At the opening of the second act we are at Polonius' house, where he is dispatching Reynaldo, his servant, to Paris, to learn something of Laertes' way of living in that city. As he goes out, Ophelia enters in great alarm to inform her father that, while she was sewing in her room, Hamlet came in,— staring wildly, his dress disordered, and apparently out of his mind, and seizing her by the wrist gazed steadfastly on her face for a time, then, dropping her hand, left her presence, with his eyes fixed on her to the last. After questioning his daughter, and learning that she had obeyed his injunction, and treated Hamlet coldly, returning his letters, and refusing to see him, Polonius concludes that this rejection of his love by Ophelia has made Hamlet mad, and determines to so advise the King and Queen, who had noticed, and were much disturbed by, his eccentric behavior.
In the second scene of this act we meet Rosencrantz and Guildenstern, two friends of Hamlet. They have been sent for by the King, in the hope that in free intercourse with Hamlet, without arousing his suspicion that they are acting on the King's prompting, they may get from him the cause of his distraction. Polonius, now coming in, announces the return of the ambassadors from Norway, and also that he has discovered the cause of Hamlet's lunacy. The ambassadors having been heard, Polonius proceeds,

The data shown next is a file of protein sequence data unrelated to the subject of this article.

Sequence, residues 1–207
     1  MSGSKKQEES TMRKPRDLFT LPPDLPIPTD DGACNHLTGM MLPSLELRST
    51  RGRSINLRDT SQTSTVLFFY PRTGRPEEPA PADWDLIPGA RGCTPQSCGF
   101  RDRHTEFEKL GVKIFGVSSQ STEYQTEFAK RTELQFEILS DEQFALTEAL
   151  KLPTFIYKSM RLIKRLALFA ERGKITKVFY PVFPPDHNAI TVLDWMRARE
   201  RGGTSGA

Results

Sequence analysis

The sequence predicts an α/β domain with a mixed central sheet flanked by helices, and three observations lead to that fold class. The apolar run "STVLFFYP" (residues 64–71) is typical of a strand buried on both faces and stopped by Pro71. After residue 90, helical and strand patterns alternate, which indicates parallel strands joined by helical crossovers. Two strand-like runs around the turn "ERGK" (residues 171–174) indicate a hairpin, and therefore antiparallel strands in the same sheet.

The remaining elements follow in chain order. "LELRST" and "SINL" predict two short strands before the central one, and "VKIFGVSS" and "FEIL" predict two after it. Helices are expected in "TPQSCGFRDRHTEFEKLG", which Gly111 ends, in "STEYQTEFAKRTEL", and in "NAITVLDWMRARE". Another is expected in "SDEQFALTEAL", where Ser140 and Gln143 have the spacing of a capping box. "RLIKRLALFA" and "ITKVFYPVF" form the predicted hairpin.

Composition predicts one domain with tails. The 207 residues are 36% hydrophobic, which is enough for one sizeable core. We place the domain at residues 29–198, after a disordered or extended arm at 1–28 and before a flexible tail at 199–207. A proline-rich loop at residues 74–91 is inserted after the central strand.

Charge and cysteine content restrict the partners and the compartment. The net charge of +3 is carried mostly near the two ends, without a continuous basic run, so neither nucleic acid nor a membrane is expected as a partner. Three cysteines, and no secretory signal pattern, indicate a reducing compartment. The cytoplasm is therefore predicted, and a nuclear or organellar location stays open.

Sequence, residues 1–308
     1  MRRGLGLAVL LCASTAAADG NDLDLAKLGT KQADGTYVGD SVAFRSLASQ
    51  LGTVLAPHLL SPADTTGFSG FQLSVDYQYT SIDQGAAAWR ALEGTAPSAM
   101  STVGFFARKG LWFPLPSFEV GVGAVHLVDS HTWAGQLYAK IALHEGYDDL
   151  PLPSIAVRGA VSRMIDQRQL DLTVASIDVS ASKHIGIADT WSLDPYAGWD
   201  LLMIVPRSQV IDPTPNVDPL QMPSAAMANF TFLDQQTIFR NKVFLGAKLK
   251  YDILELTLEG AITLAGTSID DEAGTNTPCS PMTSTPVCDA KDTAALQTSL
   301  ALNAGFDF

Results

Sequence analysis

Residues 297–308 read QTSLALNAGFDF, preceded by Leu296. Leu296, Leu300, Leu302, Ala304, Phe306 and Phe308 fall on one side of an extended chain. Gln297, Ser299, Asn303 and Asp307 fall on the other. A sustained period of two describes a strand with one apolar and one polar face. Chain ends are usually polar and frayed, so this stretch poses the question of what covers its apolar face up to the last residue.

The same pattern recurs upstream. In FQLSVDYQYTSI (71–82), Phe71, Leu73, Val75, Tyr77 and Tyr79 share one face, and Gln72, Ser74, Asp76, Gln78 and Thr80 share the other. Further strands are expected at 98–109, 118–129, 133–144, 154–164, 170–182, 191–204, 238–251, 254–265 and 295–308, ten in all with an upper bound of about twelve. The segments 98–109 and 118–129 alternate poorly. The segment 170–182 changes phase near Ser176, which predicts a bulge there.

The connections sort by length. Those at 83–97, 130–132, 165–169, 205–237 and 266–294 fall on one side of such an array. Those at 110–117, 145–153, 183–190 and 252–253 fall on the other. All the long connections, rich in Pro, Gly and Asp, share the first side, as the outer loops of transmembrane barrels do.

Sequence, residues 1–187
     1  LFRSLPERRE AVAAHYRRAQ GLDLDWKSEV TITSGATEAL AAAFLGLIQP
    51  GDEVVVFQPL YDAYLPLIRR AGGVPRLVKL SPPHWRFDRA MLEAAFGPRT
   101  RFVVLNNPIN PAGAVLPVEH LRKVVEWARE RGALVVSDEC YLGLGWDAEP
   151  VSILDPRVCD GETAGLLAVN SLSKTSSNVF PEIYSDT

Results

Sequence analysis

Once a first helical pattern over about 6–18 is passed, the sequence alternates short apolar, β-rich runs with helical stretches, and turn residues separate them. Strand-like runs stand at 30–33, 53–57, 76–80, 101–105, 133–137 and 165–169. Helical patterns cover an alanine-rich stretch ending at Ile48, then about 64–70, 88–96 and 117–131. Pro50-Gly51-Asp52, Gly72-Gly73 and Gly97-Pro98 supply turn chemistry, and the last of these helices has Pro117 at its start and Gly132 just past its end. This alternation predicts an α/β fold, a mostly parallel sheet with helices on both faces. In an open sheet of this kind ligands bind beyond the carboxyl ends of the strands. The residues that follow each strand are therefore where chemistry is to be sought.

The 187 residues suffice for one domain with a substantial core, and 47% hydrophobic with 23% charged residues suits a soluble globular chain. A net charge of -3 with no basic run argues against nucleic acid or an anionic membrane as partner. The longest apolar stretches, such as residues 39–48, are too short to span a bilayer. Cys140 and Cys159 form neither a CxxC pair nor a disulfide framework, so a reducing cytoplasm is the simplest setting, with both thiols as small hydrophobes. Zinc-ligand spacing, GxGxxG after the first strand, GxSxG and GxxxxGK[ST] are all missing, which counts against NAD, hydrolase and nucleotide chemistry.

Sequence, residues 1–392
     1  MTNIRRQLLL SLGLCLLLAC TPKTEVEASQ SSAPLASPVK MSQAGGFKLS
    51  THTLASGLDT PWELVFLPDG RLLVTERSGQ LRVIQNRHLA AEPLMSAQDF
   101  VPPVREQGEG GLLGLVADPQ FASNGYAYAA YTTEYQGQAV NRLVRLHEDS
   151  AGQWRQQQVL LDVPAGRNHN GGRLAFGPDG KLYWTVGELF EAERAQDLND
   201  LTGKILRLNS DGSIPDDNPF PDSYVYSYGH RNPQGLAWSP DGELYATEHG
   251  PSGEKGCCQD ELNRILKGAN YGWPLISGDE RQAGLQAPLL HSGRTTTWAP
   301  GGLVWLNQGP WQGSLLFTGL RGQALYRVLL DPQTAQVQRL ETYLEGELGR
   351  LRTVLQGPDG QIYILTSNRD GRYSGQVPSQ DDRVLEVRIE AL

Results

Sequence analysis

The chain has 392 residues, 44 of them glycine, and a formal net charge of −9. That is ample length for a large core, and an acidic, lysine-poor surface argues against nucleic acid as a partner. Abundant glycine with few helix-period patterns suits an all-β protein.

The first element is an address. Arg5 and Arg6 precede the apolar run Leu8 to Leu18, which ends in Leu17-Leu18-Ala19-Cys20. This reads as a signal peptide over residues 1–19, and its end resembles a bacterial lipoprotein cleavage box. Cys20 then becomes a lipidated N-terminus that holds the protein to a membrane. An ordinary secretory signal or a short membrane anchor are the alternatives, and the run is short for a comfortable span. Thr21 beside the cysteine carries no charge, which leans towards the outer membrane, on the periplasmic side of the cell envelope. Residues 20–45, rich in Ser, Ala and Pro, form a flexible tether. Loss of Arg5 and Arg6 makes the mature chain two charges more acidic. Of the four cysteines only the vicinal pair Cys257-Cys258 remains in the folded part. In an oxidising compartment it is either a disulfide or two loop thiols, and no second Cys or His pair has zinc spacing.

with many words and in an inflated style, to inform the King and Queen that it is his daughter's rejection of Hamlet's addresses that has made him mad. To satisfy the King that such is the case, Polonius proposes that the King conceal himself where he can overhear a conversation between Hamlet and Ophelia, arrangement of which she is to be advised. The King and Queen go out. Haml enters; and his liscordant alk with Polonius confirms his opinion of the cause of Hamlet's disordered mind.
Rosencrantz and Guildenstern come in ; but, instead of probing Hamlet's madness, they are completely outwitted by him. He is interested, however, when they tell him of a company of players that is just now about the court; and he determines in his own mind to have a play enacted before the King and Queen, in which he will insert some lines describing a scene like the murder of his father, while he himself will watch the effect of the performance on the King. The act closes with a soliloquy by Hamlet, wherein he blames himself for his delay in executing his vengeance, expresses doubt of the truth of the Ghost's revelation, but concludes, that, if the King is guilty, the play will test his guilt beyond question.